As I was saying, though, I bought a bracelet at Garnish that perfectly complements the gold bracelet Paul gave me last Christmas and the silver one from my Mom. To the classic silver charm bracelet, it adds a simple chunky heart, silver underneath, its hollowed top filled with gold leaf -- perfect for pulling together the two metals -- and emphatically stating what this wrist collection is all about: showing and remembering the love.
I should add that this bracelet is by Jessie Turner, who does have a great website, far too dangerous for you to look at. You've been warned. . . .and no, she didn't give me a discount either! 


There you have it! Two whole posts about What I Wore, within a week of my post pondering the What I Wore phenomenon. . . . the beauty (or not) of contradictions . . . .

18 comments:

  1. You are indeed contradictory! I have a similar fleur-de-lis necklace that
    Monsieur bought for my 60th. The story of your mother and the bracelets
    is such a touching tale. You are wearing love on your arm.

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    1. Although I claim the beauty of contradictions, I'm not quite as contradictory as I might at first seem -- what I like to see in other blogs is an integration of What I Wore with other glimpses of a fuller life. . . or, if the focus is only on What She Wore, then it must be tightly edited, really inspiring to keep my interest. I do value a certain amount of What I Wore as an indication of a whole person . . . and because I'm curious . . . Interesting that we both wear fleur-de-lis, we francophiles. . . ;-)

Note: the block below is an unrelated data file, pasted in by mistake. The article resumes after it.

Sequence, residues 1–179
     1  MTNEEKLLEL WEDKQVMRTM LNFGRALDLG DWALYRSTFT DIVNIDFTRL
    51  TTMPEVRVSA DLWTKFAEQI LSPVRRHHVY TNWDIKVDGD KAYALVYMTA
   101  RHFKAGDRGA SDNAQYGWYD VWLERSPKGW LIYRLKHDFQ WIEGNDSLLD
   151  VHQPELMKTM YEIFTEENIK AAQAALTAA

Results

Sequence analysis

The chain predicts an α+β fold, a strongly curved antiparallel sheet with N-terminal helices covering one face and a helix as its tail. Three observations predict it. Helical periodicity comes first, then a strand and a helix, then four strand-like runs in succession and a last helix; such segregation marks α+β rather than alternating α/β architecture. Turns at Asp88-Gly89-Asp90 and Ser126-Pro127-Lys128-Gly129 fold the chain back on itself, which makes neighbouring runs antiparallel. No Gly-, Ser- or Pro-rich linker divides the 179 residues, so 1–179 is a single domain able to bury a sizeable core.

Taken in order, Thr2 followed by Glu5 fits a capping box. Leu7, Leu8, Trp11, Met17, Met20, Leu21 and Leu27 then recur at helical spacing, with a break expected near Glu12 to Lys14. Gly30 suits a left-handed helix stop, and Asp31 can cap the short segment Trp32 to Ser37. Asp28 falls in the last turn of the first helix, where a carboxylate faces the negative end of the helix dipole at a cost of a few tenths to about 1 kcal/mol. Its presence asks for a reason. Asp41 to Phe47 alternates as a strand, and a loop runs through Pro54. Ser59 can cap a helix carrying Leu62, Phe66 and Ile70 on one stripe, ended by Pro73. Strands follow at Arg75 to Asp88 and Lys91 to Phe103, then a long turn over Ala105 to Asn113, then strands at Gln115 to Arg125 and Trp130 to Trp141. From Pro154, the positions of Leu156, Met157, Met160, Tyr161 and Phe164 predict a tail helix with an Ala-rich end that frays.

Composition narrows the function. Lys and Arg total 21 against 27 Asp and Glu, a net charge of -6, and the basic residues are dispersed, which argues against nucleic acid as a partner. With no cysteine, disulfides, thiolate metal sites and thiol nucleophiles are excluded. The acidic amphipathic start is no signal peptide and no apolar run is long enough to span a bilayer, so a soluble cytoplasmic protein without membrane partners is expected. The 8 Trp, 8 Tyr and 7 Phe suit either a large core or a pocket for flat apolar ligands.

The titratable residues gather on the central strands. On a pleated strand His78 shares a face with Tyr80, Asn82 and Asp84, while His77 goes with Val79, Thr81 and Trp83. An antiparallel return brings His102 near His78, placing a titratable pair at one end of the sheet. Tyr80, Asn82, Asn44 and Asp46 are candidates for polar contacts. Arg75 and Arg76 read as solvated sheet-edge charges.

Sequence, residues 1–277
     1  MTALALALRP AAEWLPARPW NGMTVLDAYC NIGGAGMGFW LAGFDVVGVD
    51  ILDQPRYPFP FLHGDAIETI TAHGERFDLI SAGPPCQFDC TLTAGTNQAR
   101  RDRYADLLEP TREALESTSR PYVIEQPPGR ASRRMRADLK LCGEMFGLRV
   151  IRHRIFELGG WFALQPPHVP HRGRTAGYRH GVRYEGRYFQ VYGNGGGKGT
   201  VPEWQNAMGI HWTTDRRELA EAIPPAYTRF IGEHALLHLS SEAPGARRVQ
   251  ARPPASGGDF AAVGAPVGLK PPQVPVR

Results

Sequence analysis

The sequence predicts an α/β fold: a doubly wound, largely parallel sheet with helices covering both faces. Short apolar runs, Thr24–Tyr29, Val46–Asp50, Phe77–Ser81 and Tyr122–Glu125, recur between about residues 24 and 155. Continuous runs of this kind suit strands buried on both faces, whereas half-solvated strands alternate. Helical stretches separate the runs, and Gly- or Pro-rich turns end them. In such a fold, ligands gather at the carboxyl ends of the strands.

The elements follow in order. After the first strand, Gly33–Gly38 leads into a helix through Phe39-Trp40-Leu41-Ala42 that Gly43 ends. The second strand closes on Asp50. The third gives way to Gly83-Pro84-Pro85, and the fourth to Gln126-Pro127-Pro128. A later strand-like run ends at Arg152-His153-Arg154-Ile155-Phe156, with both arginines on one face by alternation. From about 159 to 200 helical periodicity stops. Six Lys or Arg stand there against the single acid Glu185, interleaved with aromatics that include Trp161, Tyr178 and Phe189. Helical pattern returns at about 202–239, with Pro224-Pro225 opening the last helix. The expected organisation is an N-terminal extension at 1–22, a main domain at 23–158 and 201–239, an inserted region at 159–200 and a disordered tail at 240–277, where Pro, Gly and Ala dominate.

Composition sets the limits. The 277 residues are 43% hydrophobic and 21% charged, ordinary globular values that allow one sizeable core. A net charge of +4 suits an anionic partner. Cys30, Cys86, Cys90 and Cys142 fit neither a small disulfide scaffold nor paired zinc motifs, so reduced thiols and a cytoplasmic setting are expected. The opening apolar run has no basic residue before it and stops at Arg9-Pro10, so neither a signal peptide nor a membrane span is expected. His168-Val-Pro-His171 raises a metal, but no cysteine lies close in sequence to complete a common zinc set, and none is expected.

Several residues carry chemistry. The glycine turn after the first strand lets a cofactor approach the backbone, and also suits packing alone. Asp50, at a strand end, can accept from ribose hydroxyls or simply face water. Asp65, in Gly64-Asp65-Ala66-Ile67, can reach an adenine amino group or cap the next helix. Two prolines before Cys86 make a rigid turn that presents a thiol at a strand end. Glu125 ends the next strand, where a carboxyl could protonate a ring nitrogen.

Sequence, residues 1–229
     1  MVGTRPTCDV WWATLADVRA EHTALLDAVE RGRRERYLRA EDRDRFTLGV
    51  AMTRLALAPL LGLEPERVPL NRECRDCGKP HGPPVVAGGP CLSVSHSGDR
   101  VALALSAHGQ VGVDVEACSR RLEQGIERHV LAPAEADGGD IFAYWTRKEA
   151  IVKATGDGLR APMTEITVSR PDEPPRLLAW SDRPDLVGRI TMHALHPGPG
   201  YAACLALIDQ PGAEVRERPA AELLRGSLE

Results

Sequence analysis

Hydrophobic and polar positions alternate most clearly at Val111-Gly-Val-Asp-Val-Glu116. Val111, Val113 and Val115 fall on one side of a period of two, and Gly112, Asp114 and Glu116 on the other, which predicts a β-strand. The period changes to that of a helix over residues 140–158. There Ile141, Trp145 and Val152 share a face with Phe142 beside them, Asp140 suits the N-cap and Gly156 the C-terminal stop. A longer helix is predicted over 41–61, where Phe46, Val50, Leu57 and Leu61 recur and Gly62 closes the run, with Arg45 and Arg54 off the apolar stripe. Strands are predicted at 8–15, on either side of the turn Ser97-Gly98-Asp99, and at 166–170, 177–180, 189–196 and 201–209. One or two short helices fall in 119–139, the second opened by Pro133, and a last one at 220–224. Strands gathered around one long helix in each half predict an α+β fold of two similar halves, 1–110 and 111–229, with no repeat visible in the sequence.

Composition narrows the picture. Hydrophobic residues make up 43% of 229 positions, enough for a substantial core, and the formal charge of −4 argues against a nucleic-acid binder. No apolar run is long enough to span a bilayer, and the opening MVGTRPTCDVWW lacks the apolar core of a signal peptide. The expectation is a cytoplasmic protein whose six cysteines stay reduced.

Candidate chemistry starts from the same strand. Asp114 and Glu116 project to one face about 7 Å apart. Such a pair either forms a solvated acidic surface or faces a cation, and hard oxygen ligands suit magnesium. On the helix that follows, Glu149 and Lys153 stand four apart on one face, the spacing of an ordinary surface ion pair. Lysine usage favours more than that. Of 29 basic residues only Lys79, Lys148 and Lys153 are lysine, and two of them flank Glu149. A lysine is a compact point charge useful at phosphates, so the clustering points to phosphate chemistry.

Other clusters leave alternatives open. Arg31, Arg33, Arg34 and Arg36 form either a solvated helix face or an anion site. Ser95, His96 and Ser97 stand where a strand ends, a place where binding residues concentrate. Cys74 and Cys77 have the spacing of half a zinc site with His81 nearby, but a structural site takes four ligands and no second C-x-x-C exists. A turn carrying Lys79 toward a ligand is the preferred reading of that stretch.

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  2. Good to see the not-a-farmer's-hat making an appearance!

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  3. I like your signature pieces....and the mix of gold and silver.
    It's a woman's prerogative to change her mind...I like seeing you in your WIW posts. I think it shows you on a very personal level.

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    1. Thanks, Hostess. I can certainly be changeable, but also, see my response to Madame . . .

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  4. And the closeup of your face is my favorite, despite the deft accessories.

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    1. Thanks! I was a bit surprised by it, when I uploaded the photos to my computer screen. It's quite growing on me.

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  5. I love this portrait of you! You have wonderful taste in jewelry. I've drooled over that watch since you first showed it to us, and love the new bracelet and how you're mixing metals.

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    1. Thanks, Sue. I'm really pleased with these pieces, both solo and together. I may become a bit stuck-in-the-mud with them, quite frankly.